“Music has to be made with clean hands.” (Igor Bezrodny). Triple-CD, archive recordings. Released in November 2012.
|1||Karol Szymanowski||Violin Concerto No 1, Op 35*||21:44|
|2–4||Felix Mendelssohn-Bartholdy||Violin Concerto No 1 in D minor*||25:09|
|5–7||Lydia Auster||Lyrical Concertino (Summer in Käsmu), Op 25*||11:38|
|1–3||Wolfgang Amadeus Mozart||Sonata in F major for Violin and Piano, KV 376||19:14|
|4–8||Sergei Prokofiev||Five Melodies for Violin and Piano, Op 35bis||12:15|
|9–12||César Franck||Sonata in A major for Violin and Piano||28:51|
|1||Igor Stravinsky||Supplication for the Firebird (from Firebird Suite No 1)*||5:03|
|2–9||Dmitri Shostakovich||Preludes, Op 34||10:26|
|10||Niccolò Paganini – Karol Szymanowski||Caprice No 21||2:46|
|12–13||Lepo Sumera||2 Pieces for Solo Violin||4:37|
|14||Benedykt Konowalski||Music for Solo Violin and Percussion*||12:37|
|15||Karol Szymanowski||The Fountain of Arethusa (from Myths), Op 30, No 1*||5:47|
|16–17||Karol Szymanowski||Nocturne & Tarantella, Op 28*||9:52|
CD I, #6, Mendelssohn-Bartholdy, Violin Concerto No 1, Mov III, fragm, 3 min 56 sec, mp3, 160 Kbps
CD III, #1, Stravinsky, Supplication for the Firebird, fragm, 3 min 14 sec, mp3, 160 Kbps
Performed by Mari Tampere-Bezrodny, violin (CD I–III), Estonian National Symphony Orchestra (CD I), conductors Igor Bezrodny (CD I, #1), Jüri Alperten (CD I, #2–4) and Roman Matsov (CD I, #5–7), pianists Bruno Lukk (CD II), Riina Gerretz (CD III, #2–10) and Ivo Sillamaa (CD III, # 1, 11, 15–17); percussion quintet Rein Roos – Terje Terasmaa – Rein Tiido – Rein Saue – Andrus Vaht (CD III, #14)
Archive recordings 1974−1985
Recorded in Estonia Concert Hall
* Live recordings
Archive recordings licensed by Estonian Public Broadcasting
Restored by Marika Scheer
Mastered by Enno Mäemets / Editroom, Finland
Liner notes by Inna Kivi
Translations by Tiina Jokinen
Photos by Kaupo Kikkas and private archives
Produced by Peeter Vähi
© 2012 Estonian Record Productions, Tallinn
The current album sums up Mari Tampere-Bezrodny’s career as violinist which undoubtedly has been influenced and coloured by her long-time marriage and collaboration with one of the most outstanding violinist, conductor and teacher of the 20th century, Igor Bezrodny. His famous principle that all art including music has to be made with honest and noble aim, discarding all personal ambitions and materialistic considerations, has been duly followed by Mari Tampere-Bezrodny as an artist and teacher.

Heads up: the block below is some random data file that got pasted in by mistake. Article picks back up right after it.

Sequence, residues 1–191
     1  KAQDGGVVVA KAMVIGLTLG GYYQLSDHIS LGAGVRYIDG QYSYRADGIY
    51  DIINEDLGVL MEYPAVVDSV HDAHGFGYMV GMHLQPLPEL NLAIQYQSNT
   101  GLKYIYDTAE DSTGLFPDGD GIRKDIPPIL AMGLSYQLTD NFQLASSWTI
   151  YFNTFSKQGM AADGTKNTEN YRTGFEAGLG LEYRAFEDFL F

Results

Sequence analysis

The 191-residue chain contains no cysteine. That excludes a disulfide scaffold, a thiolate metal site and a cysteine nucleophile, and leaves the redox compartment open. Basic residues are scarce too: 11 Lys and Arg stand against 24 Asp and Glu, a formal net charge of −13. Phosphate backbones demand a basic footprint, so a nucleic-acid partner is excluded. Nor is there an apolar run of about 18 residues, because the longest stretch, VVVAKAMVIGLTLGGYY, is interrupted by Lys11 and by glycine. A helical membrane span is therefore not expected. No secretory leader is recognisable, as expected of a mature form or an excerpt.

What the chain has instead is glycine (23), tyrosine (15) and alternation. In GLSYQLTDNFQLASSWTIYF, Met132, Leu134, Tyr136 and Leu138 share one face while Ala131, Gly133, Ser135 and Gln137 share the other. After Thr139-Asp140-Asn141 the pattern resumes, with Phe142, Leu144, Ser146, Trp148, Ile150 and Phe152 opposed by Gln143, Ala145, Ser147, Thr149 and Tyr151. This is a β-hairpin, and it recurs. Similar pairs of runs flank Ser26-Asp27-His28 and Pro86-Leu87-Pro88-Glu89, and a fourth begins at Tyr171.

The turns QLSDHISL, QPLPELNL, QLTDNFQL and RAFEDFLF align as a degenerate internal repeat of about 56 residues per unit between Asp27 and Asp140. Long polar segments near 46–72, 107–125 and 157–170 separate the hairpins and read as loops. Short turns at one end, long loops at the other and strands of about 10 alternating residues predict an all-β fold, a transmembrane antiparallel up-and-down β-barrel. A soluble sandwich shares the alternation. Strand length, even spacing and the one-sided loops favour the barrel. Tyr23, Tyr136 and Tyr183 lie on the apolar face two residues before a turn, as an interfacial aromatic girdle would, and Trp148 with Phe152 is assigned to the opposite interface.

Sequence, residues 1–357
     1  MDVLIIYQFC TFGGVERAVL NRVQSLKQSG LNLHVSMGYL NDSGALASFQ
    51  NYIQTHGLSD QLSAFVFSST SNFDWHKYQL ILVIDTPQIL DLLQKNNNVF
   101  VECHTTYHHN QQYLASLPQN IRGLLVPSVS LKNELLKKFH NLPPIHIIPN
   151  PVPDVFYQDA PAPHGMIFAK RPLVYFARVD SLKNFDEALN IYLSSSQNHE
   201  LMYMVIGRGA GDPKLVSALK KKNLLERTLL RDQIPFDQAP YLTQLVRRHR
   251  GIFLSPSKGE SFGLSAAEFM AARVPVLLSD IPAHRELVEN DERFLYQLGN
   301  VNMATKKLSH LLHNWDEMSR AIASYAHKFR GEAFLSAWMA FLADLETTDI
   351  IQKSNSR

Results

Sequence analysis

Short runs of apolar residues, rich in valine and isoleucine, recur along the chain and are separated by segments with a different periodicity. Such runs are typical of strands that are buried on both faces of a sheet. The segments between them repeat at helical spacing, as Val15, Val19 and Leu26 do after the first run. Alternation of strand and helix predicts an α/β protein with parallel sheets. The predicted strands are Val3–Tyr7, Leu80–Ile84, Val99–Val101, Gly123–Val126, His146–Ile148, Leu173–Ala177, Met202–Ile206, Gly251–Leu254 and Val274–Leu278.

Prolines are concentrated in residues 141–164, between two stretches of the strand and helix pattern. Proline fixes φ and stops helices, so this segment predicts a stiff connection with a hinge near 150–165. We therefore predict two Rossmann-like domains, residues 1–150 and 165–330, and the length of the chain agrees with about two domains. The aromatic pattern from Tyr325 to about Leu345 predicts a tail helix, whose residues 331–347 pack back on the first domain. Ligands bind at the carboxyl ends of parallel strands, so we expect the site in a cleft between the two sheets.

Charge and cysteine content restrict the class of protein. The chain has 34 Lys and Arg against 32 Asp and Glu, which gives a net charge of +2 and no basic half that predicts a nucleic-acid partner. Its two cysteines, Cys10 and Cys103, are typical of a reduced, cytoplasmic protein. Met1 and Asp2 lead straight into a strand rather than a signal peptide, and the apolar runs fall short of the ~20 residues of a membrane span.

Coming from a family of many generations of musicians, the Mother Aime Tampere being an organist and her Grandmother Jenny Siimon a classical singer (mezzo-soprano) as well as professor of Tallinn Conservatory, Mari had close encounters with music at a very early age. Her concert career took off already during the days of Tallinn Music High School when, among other performances, she was participating in a solo concert of her Grandmother at the Great Hall of Moscow Conservatory. After graduating from Ivi Tivik’s class at the Music High School, she was recommended by a renowned Russian composer Nikolai Rakov to continue her studies as a student of Igor Bezrodny at the Moscow Conservatory during the years 1970–1977.
“Those were wonderful times, totally different from the present. We were sitting days long in Bezrodny’s class listening to his lessons before and after our own performances”, reminisces Mari Tampere. “We were all very different. As a former student of Abram Yampolsky, Bezrodny followed his great teacher’s example – groomed and developed each and everybody’s distinctive qualities. His class in Moscow at that time was the most international one and it was not a conveyor belt for producing competition winners.” Despite that, Mari Tampere won the Estonian String Competition in 1975.